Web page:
While World Food Day takes place on 16 October every year, please remember that for too many people, there is food insecurity every day of the year.

2022 finds us with an ongoing pandemic, conflicts, a climate that won’t stop warming, rising prices and international tensions. This is affecting global food security.
 
We need to build a sustainable world where everyone, everywhere has regular access to enough nutritious food.
 
No one should be left behind.
 
– FAO of the UN, World Food Day (fao.org/world-food-day/en)
[M]illions of people around the world cannot afford a healthy diet, putting them at high risk of food insecurity and malnutrition. But ending hunger isn’t only about supply. Enough food is produced today to feed everyone on the planet.
 
The problem is access and availability of nutritious food, which is increasingly impeded by multiple challenges including the COVID-19 pandemic, conflicts, climate change, inequality, rising prices and international tensions. People around the world are suffering the domino effects of challenges that know no borders.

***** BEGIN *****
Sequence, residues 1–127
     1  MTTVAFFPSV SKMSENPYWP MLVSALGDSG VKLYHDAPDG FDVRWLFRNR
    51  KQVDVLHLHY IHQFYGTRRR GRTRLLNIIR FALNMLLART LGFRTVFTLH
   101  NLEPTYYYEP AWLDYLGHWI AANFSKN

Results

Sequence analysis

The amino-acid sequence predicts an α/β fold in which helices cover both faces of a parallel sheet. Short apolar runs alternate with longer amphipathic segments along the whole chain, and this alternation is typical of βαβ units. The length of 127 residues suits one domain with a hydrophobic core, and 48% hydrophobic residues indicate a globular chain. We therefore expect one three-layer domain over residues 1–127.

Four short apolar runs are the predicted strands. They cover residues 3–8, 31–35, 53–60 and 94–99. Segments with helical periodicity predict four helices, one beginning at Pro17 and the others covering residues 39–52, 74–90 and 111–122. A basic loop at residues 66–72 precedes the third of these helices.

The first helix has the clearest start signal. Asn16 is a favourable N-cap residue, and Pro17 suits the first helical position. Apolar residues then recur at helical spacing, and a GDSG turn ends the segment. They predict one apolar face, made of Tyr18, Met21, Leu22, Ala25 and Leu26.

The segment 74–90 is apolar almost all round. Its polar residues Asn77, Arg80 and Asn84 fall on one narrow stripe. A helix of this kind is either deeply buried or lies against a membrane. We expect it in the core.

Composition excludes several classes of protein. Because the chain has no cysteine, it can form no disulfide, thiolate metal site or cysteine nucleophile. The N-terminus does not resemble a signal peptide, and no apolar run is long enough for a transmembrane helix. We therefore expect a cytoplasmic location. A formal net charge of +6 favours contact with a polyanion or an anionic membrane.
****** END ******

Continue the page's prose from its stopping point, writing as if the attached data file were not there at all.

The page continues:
Worldwide, more than 80 percent of the extreme poor live in rural areas […] Some of us are vulnerable because of who we are or where we live, but the reality is that we are all fragile. When someone is left behind, a chain is broken. This impacts not only the life of that person, but also ours.
 
In the face of global crises, global solutions are needed more than ever. By aiming for better production, better nutrition, a better environment, and a better life, we can transform agrifood systems and build forward better by implementing sustainable and holistic solutions that consider development in the long term, inclusive economic growth, and greater resilience.
 
– FAO of the UN, World Food Day: About (fao.org/world-food-day/about/en)

Take Action

  • Learn from nature: Nature works tirelessly on our behalf providing us with our essential needs – water, food, clean air, medicine, and materials for shelter. But the way we produce, consume and waste food is putting unnecessary pressure on natural resources, the environment and climate. It’s time for us to learn from nature and work with it, not against it. […] [Please read more about what you can do here: FAO.org | Take Action]
  • The Hurdles
    Three years into the pandemic, two things
    have come into sharp relief. One is how
    interconnected our economies and lives are. The